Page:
Originally published 13 May 2001
in Long Beach Press-Telegram
Recently this newspaper reported, in essence, that a bill
under consideration by the state Legislature to place a few mild limits on
the operation of California bingo barons probably would be gutted by proposed
amendments. The story followed an editorial criticizing the bill for largely
being sparked by the actions of our local bingo baron, Dr. Irving Moskowitz
in Hawaiian Gardens.
prospect of this bill being gutted saddens me. A good case can be made that
while the original bill is a step in the right direction, stronger, not weaker
controls need to be placed on the burgeoning bingo industry.
bill tries to do is to restrict ``charitable'' bingo to four days a week
and require that profits from California bingo players be used to support
California charities. Apparently, both of these mild controls are now heading
for the trash heap.
The original law allowing charities to have bingo
games was passed decades ago as a small exception to California laws outlawing
gambling. The exception was intended to allow charities such as churches,
boys and girls clubs and the like to put on small, amateur bingo games as
a method of raising funds to help support themselves.
Over the last
decade, however, this ``small'' exception to our anti-gambling laws has grown
to gargantuan proportions. Today, bingo has spawned a major industry spewing
out hundreds of millions of dollars a year, often to dubious causes all over
the world. Surely, this result was never contemplated by the drafters of
the original charitable bingo exception to our gambling laws.
far has the bingo industry strayed from its modest beginnings? The operations
of our local bingo baron, Dr. Moskowitz, in Hawaiian Gardens, illustrates
what has happened.
Originally, it was contemplated that a small charity
might put on bingo games once or twice a week. The Moskowitz operation is
open seven days a week.
Originally, it was contemplated a small charity
might conduct two-to-four-hour bingo sessions. The Moskowitz operation runs
full throttle all evening.
Originally, the small charities were expected
to use their modest bingo profits to support their own local efforts. The
Moskowitz operation is reported to have produced over $28 million in profits,
$20 million of which directly or indirectly ended up out of the state or
out of the country.
Originally, all profits from bingo were supposed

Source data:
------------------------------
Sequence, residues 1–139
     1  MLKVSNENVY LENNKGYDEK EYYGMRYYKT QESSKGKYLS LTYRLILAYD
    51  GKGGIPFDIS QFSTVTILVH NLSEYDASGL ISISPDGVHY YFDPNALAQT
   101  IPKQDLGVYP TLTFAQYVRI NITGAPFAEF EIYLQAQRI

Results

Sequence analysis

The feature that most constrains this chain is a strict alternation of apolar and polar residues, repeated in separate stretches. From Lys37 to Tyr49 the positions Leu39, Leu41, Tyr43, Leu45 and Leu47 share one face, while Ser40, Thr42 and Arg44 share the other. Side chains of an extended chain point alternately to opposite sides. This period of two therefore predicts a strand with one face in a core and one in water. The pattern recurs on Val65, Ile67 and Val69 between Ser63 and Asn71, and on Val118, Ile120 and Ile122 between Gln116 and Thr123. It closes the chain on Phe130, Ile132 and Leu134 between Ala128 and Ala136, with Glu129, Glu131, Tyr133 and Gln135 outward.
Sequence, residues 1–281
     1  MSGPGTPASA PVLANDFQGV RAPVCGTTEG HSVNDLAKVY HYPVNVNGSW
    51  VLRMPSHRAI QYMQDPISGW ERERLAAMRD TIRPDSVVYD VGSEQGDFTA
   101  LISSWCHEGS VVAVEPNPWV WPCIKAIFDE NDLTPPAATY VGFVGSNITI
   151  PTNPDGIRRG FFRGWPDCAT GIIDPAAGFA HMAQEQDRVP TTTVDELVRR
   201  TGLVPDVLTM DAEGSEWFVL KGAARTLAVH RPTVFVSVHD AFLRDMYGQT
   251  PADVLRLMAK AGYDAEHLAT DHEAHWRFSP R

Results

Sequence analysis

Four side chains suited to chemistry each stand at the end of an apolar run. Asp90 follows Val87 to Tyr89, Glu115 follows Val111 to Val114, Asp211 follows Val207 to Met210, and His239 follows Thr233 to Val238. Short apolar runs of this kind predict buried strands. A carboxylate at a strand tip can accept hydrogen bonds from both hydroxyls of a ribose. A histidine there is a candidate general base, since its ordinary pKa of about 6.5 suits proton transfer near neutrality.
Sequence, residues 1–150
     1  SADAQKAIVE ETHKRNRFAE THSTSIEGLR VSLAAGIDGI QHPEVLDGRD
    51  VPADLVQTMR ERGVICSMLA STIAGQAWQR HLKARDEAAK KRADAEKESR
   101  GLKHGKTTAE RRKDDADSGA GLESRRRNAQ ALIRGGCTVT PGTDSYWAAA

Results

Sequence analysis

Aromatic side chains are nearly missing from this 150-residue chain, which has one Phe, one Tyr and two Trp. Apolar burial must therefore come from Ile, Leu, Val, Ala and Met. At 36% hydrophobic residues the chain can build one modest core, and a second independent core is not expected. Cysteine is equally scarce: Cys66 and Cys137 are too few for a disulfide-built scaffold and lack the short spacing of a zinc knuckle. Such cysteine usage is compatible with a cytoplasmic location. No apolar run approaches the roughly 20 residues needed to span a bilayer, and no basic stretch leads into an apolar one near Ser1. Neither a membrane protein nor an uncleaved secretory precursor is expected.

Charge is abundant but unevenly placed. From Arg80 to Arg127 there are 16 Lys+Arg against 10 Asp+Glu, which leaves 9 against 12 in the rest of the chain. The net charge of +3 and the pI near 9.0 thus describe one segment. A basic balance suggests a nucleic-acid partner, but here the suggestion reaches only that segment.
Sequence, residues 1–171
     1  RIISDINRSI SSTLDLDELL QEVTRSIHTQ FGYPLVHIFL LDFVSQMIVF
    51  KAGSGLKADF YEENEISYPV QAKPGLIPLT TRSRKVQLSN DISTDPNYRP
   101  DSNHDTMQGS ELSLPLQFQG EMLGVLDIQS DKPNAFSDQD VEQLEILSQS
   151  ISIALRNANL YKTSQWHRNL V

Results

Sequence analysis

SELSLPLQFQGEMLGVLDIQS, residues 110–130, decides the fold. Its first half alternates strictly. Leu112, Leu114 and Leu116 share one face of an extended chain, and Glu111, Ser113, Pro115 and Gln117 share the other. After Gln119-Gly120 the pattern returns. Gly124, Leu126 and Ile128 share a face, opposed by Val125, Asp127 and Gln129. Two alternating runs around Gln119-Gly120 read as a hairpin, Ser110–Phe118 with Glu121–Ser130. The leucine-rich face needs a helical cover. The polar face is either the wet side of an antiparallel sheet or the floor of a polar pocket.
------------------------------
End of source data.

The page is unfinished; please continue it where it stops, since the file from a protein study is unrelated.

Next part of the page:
to be used for charitable purposes. Moskowitz critics claim that hundreds
of thousands of dollars per year that went from the Moskowitz operation to
a nonprofit hospital ended up being paid to Moskowitz as rent.
the small charity was expected to conduct its bingo games on its own premises
such as a church basement. Moskowitz conducts his operations in a large bingo
hall used especially for that purpose.
Originally, small charity bingo
was expected to be a stand-alone gambling activity. The Moskowitz operation
is reported to have used the economic and political power resulting from
its bingo operations to obtain approval from Hawaiian Gardens to operate
a neighboring huge poker palace as a ``for-profit'' business. This mixing
of ``not-for-profit'' gambling with ``for-profit'' gambling was never originally
Originally, it was contemplated the city in which the
bingo games were conducted would police and control their operations. Critics
of the Moskowitz operation claim that the opposite is true in Hawaiian Gardens.
They claim the Moskowitz operation controls the city.
They claim that
when Moskowitz's operations had legal business dealings with the Hawaiian
Gardens Redevelopment Agency, Moskowitz was able to persuade the agency to
hire the lawyer representing Moskowitz to also represent it. Thus, both sides
in the business negotiations were represented by the same lawyer, a lawyer
who had represented Moskowitz's interests for years. As an ex-deputy city
attorney I must say that if these charges are true, I have never heard of
such a bizarre situation.
I have used the Moskowitz operation as an
illustration of the problem because it is local. The problem, however, apparently
is statewide in scope. It appears from the newspaper article that California
bingo barons united in opposition to the bill presently under consideration
in Sacramento. Together, I am afraid, they have sufficient clout to defeat
any meaningful reform of our bingo laws.
The proposed changes to the
bingo laws are but a modest step in the right direction. We need to go further.
Bingo sessions should be restricted to four hours a day, no more than two
days a week. Money derived form bingo should have to be used directly for
the charity conducting the games. Oversight and auditing of the bingo industry
should be by a state rather than a local government, perhaps by the state
Gambling Commission. Only then will bingo in California return to the original
intent of its sponsors.
Wherever professional gambling operations
go they bring with them major political and social problems. Allowing small-scale
amateur bingo to grow into a major professional industry is proving no different.
Let us hope it is not too late to return bingo to the amateur charitable
cottage industry it originally was meant to be in California.
Charles E. Greenberg is a member of the Long Beach Planning Commission.
Copyright 2001, Long Beach Press-Telegram For education and discussion only. Not for commercial use.